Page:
Bud Kennedy

1993: When famous gossip columnist Liz Smith came home to Fort Worth

Liz Smith, center, at a Friends of the Fort Worth Library Book and Author Luncheon Oct. 18, 2000.
Liz Smith, center, at a Friends of the Fort Worth Library Book and Author Luncheon Oct. 18, 2000. Special to the Star-Telegram

Liz Smith, the south side girl born on Fort Worth's Hemphill Street, had to learn something new when she came home yesterday: how to thank her hosts from Arlington and the Mid-Cities.

“When I grew up here, people were from either Fort Worth or Dallas, and Fort Worth people only went to Dallas once or twice,” Smith said.

“I didn't even know there was any such thing as Arlington-Mid-Cities.”

Now there is. It’s a “city” with more than double the people of Fort Worth, and the celebrity columnist from New York Newsday was speaking to help raise money for a suburban women’s shelter.

Gov. Ann Richards introduced her this way: “She is the same little Fort Worth girl who graduated when Will Rogers was a person, not an auditorium. … Leave it to Fort Worth to produce the world's only truly nice gossip columnist.”

The name Liz Smith may not mean anything to you. She was born at 1919 Hemphill St. and grew up as a cotton broker’s daughter in the 1800 block of South Jennings Avenue.

But she has been gone from these streets since 1944, when she moved away after school at Daggett Elementary, Daggett Junior High and Paschal High School and then college in Abilene and Austin.

Somewhere along the way since, she has become the nation's reigning celebrity columnist.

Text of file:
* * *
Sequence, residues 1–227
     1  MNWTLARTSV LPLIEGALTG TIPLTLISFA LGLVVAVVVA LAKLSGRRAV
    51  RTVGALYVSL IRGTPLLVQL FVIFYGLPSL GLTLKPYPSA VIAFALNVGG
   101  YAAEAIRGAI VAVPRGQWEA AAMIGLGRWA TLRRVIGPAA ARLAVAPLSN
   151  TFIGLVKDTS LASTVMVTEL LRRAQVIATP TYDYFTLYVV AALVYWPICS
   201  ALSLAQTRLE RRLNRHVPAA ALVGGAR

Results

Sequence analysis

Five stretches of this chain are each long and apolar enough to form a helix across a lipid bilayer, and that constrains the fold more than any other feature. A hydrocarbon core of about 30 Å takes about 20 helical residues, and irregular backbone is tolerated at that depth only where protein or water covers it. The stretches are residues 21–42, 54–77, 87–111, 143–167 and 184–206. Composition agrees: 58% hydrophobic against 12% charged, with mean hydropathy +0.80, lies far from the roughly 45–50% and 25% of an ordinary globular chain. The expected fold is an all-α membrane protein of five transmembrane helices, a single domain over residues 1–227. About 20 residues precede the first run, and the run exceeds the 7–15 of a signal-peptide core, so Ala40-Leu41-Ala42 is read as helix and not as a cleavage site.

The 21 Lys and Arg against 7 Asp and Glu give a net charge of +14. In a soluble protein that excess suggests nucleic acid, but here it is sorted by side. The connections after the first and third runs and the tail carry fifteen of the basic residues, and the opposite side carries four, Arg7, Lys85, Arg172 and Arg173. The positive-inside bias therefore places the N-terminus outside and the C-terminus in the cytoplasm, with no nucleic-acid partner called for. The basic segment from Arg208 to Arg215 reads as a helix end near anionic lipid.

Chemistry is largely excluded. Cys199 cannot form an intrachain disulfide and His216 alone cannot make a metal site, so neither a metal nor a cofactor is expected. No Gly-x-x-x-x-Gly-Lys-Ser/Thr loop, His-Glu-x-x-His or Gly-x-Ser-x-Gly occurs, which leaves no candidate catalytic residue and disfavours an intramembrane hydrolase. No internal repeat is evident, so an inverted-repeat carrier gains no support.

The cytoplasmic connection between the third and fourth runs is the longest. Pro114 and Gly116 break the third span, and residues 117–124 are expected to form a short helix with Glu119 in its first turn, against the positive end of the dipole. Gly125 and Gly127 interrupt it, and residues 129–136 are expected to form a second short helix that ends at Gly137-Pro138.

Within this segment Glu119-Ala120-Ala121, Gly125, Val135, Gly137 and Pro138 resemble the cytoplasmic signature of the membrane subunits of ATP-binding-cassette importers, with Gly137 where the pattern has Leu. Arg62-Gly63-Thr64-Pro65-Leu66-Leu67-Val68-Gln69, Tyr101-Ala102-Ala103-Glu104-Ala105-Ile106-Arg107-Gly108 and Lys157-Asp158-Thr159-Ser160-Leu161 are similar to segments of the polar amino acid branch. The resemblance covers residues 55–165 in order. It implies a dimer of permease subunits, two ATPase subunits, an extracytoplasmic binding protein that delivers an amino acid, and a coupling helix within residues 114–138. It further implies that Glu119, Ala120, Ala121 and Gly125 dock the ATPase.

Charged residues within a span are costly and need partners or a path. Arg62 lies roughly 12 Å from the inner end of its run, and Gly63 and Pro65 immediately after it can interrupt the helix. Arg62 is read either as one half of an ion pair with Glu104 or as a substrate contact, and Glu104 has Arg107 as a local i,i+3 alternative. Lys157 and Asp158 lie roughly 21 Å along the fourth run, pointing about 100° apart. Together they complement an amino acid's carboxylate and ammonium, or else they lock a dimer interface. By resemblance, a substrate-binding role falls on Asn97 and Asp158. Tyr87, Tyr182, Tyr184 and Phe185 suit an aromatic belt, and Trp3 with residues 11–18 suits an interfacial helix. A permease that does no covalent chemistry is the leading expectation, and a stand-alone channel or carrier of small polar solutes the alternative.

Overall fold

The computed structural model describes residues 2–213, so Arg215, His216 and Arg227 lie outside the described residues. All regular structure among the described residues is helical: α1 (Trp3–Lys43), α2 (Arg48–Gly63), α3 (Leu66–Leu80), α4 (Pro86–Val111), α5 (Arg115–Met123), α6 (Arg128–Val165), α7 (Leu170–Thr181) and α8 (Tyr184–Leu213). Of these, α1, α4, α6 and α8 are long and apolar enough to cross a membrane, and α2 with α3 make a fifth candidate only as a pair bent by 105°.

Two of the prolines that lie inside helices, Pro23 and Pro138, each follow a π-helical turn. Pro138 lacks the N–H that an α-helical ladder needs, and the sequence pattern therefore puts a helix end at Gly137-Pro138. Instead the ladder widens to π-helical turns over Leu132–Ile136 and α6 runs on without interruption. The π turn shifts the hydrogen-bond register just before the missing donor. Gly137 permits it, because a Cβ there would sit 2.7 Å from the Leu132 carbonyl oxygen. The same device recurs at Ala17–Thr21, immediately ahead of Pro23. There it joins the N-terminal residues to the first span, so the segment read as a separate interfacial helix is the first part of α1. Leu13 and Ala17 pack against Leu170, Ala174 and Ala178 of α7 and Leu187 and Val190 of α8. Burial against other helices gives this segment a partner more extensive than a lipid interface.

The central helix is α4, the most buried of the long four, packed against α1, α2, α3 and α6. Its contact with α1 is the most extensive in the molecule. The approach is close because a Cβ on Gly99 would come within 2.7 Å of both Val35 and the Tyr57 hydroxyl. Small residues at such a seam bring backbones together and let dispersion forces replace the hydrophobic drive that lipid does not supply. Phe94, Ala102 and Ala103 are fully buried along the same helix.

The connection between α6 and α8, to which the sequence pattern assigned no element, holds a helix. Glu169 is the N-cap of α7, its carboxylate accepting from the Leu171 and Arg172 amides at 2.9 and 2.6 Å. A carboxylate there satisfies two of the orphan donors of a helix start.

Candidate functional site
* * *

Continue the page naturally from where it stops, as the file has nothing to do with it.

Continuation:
“But she's like any of us would be,” Richards said, “if we were on a first-name basis with Elizabeth Taylor and Michael Jackson.”

Yes. That Liz Smith.

Can that Liz Smith be 70? That's what she told the audience at the shelter's first Legacy of Women awards luncheon, a hot ticket that sold out weeks in advance.

Later, upstairs, she peeled her shoes back, threw her stocking feet up on a table laden with chips and hot sauce, and said, “You're from the Star-Telegram? You know, I used to go up there with Aunt Eula.”

“Aunt Mary Eula,” Smith went on. “Her boyfriend was, like, a typesetter. I was, oh, 4, 5, maybe 6, and he would show me the vats of boiling lead and how they made type. I loved it. It got to me.”

Someone else today will retell Smith’s stories about Carl Bernstein, or Donald Trump, or her career as a reporter and celebrity columnist hosting parties in New York catered by Joe T. Garcia’s from Fort Worth.

I'm telling her little-girl Liz stories about the south side.

“I grew up going to the Tivoli Theater,” she said, referring to a long-gone moviehouse on West Magnolia Avenue, west of today's Paris Coffee Shop. She also remembered the Parkway Theater on Eighth Avenue.

“For a dime, you could stay all day. Tom Mix was one of my great favorites.”

Smith remembers Travis Avenue Baptist Church, the Stock Show, the Fort Worth Zoo and trolley lines on Hemphill when it was called the “world’s longest street,” part of an international highway from Winnipeg. Canada, to Mexico City.

But Fort Worth back then was “so corny, and undeveloped and slow,” she said.

“You know, back then they called it the Panther City. Does anybody still call it the Panther City?”

Yes. And we still remember.

Bud Kennedy: 817-390-7538, @BudKennedy.

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